Prof. Ethan Bier University of California, San Diego, USA

1 Lecture 2 Series

Ethan Bier is a professor in the section of Cell and Developmental Biology at UC San Diego. During the past 25 years at UCSD Dr. Bier has studied how secreted proteins known as morphogens subdivide the dorsal-ventral axis of the fruit fly embryo into neural versus epidermal regions and how... read moresuch processes result in the formation of sharp boundaries. These are among the most conserved evolutionary processes.

Dr. Bier has also used the common fruit fly to study mechanisms of human disease. His work in this area has focused recently on understanding the mechanisms by which bacterial toxins contribute to breaching host barriers. Thus, two toxins produced by anthrax bacteria trigger potentially fatal vascular leakage while cholera toxin leads to breakdown of the intestinal barrier leading to acute life-threatening diarrhea.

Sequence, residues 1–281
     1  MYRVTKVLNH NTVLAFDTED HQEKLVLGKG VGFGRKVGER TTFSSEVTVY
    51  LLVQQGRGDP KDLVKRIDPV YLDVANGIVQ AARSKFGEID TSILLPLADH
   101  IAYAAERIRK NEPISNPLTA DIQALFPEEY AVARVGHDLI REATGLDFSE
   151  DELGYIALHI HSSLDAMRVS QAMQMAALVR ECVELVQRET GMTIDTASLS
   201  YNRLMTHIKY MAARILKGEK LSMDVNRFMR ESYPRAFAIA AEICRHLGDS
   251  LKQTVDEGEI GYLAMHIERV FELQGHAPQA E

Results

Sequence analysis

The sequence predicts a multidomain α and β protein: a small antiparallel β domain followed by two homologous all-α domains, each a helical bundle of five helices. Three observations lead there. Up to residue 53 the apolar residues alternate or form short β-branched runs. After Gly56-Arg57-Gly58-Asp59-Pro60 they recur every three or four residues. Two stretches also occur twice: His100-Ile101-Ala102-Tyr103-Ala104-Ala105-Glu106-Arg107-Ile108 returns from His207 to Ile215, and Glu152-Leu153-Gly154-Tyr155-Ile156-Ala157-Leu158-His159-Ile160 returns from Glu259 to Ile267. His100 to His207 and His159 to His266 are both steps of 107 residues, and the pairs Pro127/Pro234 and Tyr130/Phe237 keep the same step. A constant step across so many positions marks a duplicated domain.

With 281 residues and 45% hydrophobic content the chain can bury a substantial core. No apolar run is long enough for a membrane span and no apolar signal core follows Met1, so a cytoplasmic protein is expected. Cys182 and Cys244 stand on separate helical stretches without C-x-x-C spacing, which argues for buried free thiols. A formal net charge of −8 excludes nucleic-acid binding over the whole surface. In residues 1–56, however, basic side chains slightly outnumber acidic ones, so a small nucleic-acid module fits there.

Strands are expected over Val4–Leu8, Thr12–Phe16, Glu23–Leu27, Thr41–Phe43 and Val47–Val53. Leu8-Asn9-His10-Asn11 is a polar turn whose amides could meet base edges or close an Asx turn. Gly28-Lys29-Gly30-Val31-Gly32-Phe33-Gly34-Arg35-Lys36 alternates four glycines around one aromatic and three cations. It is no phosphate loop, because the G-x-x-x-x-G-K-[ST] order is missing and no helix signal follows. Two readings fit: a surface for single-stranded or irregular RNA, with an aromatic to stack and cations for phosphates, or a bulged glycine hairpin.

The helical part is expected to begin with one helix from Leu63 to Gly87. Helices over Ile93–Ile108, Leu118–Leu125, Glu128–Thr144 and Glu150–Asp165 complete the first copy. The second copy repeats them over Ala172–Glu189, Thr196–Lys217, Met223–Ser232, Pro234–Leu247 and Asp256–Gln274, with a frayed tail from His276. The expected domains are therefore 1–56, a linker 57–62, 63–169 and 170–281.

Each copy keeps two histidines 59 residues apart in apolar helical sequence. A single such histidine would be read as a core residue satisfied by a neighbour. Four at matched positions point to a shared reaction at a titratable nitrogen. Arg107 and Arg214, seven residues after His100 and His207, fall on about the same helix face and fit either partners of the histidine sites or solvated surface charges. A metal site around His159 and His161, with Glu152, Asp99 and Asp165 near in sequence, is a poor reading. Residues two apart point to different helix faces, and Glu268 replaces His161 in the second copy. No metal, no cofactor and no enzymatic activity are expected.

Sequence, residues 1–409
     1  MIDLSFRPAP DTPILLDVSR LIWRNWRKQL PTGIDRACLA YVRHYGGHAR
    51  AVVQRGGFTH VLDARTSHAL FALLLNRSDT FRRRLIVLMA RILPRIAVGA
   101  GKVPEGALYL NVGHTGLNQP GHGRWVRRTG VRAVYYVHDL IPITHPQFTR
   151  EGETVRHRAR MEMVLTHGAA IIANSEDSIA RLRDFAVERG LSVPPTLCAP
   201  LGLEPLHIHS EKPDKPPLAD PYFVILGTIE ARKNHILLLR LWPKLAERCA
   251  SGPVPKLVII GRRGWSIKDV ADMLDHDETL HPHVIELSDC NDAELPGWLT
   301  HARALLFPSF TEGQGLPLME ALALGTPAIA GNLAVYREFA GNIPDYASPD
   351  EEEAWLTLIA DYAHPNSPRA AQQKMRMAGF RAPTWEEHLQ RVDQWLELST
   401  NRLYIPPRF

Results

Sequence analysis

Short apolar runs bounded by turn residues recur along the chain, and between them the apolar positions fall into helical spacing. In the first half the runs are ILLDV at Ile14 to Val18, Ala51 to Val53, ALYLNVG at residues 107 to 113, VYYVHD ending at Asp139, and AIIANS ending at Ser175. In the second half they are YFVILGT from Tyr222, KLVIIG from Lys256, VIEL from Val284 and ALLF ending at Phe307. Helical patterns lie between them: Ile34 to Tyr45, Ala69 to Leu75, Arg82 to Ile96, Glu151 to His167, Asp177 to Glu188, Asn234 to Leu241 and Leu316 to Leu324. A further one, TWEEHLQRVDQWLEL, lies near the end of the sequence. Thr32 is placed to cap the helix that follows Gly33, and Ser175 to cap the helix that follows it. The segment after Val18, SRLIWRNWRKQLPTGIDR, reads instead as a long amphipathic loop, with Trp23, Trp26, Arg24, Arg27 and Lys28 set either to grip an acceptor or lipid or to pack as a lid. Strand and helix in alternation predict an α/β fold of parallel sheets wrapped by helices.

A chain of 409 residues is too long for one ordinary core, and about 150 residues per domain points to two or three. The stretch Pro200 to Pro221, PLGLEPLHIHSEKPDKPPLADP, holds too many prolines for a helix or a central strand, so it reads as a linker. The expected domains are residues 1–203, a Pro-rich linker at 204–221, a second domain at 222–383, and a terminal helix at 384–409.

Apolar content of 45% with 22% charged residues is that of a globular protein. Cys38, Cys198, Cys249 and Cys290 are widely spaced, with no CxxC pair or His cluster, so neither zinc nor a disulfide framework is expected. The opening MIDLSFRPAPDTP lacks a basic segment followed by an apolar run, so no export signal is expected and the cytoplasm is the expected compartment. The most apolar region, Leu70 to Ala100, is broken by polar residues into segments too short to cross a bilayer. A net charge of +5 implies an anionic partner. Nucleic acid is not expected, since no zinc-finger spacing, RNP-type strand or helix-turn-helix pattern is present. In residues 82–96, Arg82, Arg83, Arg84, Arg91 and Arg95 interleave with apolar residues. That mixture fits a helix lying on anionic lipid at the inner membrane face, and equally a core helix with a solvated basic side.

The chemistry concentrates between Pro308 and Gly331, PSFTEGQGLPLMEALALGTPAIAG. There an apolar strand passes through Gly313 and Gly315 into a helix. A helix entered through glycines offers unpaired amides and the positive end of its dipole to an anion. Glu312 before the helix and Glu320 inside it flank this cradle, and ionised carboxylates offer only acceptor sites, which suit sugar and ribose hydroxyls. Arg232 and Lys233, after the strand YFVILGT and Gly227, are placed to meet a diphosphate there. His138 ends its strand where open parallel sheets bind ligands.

Dr. Bier’s group also recently developed a new CRISPR/Cas9 based method referred to as “active genetics” that greatly biases transmission of genetic traits, thereby bypassing traditional constraints of Mendelian inheritance. One application of this new technology is to create gene-drive systems for disseminating anti-malarial effector genes into mosquito populations.

Dr. Bier graduated Phi Beta Kappa as a Regents Scholar from UCSD in 1978 with degrees in Biology and Mathematics. He received his Ph.D. from Harvard Medical School where he studied regulation of immune genes in Dr. Allan Maxam’s laboratory from 1978-1985. He did his postdoctoral studies on development of the nervous system at UCSD with Drs. Lily and Yuh Nung Jan (1985-90) and then assumed a faculty position at UCSD in 1990. He is an Alfred P. Sloan and Basil O’Connor Scholar and an Allen Distinguished Investigator.